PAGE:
Ultimately, 200,000 Hungarians would flee the country.

“We hung in there until the last possible minute,” John recalled. “We were hoping someone would help us, America, someone.”

No one came.

“We discussed it with both our parents and they agreed it was good for us to leave. They were sad about it, but there was no future for us there,” Judy said.


They couldn’t marry before leaving because any change in a person’s status was recorded by the government and seen as suspicious.

They made up a letter inviting themselves to a friend’s wedding in a rural town near what was then the Yugoslavian border.

Then they took a bus south from Budapest, packed only for a short weekend stay and their “wedding gift” — a set of snow-white sheets.

Once in the town, they joined up with a married couple and the couple's 9-month-old baby.

After night fell, they all wrapped themselves in the white sheets and walked out into the snowy darkness hoping they blended in, hoping for a snowstorm.

Just hoping.

“We were in a line with the man from the other couple, then his wife carrying her baby, then Judy and I were bringing up the rear,” John remembered.

They walked for 12 hours through the snow.

“The border is like a U-turn there,” Judy explained. “So we actually crossed into Yugoslavia, then back into Hungary, so we had to backtrack.”

They came close to a military tower at one point, which John noticed because one of the guards had come down to ground level to smoke.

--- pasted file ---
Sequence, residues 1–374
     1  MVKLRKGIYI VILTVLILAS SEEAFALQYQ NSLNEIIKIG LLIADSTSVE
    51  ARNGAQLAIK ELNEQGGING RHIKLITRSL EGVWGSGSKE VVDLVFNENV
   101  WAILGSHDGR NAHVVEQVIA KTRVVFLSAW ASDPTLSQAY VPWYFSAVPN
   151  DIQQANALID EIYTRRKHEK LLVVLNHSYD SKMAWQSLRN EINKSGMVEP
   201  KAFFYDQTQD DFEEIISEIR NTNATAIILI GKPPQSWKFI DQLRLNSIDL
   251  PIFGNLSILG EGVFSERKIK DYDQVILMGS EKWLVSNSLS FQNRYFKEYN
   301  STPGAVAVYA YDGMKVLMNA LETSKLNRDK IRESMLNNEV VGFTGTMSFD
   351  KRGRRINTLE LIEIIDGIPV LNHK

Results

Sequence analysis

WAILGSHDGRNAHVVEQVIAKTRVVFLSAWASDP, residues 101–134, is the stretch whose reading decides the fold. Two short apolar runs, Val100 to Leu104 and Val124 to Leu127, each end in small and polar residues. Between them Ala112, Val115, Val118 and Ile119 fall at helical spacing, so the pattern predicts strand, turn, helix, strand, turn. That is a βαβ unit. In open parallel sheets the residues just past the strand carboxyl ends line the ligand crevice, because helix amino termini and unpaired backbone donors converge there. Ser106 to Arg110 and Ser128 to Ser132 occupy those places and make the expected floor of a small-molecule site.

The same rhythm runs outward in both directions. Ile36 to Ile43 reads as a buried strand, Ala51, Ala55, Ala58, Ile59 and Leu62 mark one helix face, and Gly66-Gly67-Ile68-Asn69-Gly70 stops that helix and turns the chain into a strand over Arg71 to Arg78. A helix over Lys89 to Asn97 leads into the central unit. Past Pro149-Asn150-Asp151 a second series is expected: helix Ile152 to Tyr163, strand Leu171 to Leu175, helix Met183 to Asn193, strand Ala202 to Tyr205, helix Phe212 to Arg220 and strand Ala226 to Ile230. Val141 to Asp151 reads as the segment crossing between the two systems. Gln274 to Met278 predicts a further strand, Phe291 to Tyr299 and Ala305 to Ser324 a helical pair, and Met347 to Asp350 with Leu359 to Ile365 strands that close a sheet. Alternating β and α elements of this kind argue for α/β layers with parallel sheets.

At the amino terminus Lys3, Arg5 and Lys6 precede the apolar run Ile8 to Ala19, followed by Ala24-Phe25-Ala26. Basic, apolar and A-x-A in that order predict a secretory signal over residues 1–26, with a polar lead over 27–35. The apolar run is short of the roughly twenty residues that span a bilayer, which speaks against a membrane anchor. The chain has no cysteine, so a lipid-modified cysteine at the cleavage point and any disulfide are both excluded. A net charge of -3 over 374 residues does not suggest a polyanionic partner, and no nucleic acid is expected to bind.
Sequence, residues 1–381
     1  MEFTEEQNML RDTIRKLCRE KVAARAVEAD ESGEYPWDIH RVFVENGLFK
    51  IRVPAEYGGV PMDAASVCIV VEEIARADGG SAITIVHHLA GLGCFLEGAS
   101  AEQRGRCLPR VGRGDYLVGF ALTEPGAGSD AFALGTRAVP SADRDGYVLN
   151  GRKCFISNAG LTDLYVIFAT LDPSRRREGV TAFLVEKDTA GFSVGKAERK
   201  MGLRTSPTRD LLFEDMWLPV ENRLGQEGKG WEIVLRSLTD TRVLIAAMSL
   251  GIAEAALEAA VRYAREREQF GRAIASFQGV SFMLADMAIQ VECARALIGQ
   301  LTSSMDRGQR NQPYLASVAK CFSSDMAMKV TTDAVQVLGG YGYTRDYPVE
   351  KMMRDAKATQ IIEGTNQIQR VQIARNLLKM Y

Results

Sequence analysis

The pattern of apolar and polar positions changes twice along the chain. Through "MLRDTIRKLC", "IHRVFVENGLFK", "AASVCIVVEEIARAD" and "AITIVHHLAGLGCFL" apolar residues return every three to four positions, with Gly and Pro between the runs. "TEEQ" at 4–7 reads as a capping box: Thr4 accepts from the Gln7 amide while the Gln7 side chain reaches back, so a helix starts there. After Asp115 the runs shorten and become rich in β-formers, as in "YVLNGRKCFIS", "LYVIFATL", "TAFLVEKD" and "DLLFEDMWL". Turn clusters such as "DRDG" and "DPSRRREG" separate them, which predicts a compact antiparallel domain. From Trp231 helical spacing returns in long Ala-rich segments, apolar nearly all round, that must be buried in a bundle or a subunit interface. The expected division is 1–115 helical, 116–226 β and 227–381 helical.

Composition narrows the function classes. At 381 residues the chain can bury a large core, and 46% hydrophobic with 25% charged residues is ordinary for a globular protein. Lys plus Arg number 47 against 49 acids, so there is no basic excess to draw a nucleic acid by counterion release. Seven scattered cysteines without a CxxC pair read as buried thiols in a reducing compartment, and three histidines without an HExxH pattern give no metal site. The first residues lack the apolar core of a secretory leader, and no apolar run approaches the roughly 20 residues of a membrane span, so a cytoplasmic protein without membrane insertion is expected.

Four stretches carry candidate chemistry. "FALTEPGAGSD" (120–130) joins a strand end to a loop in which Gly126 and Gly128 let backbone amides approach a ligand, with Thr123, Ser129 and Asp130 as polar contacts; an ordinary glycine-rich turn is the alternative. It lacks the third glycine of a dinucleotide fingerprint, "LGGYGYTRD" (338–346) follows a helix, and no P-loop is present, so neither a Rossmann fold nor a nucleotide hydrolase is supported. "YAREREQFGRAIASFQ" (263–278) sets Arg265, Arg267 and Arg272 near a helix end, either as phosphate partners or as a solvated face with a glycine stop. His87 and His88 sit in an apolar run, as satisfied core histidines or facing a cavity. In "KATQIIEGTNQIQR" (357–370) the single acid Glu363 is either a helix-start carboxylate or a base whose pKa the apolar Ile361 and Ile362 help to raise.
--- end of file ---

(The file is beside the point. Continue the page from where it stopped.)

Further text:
“He inhaled and I saw the red glow of the tip of his cigarette.”

The group stopped and held its breath.

“To this day, I don’t know if he saw us and let us go or he never noticed us,” John said. “But we went on by.”


Yugoslavia was no picnic once they arrived.

They were held in refugee camps for eight months and kept separated because they weren’t married.

“Our communication was totally cut off,” Judy said. “And our families were going crazy.”

Somehow, the families arranged for a man to convince the authorities he was an “uncle” to the Florians.

Through him, the Yugoslavs learned the couple was engaged.

They were allowed into a co-ed camp and to find a justice of the peace to marry them, which they did.

“But the certificate didn’t arrive before we were shipped out,” John laughed.


The American Congress had set a Hungarian refugee quota of 30,000 a year and that quota had been filled.

But President Dwight Eisenhower (“The best president ever, besides Reagan,” John blurted) had been watching the Hungarian situation and gave permission for more refugees to come temporarily with the possibility of permanent residence later on.

John and Judy got in under that temporary allowance.

Before they boarded the plane, American authorities offered to marry whomever in the group wanted to be married.

“And so that’s what we did,” Judy said.

They got a license this time.

But it’s in Serbian, which neither Florian can read.


They arrived in New York and stayed three days before Judy’s father, who had been living in Los Angeles, arranged for them to come out west.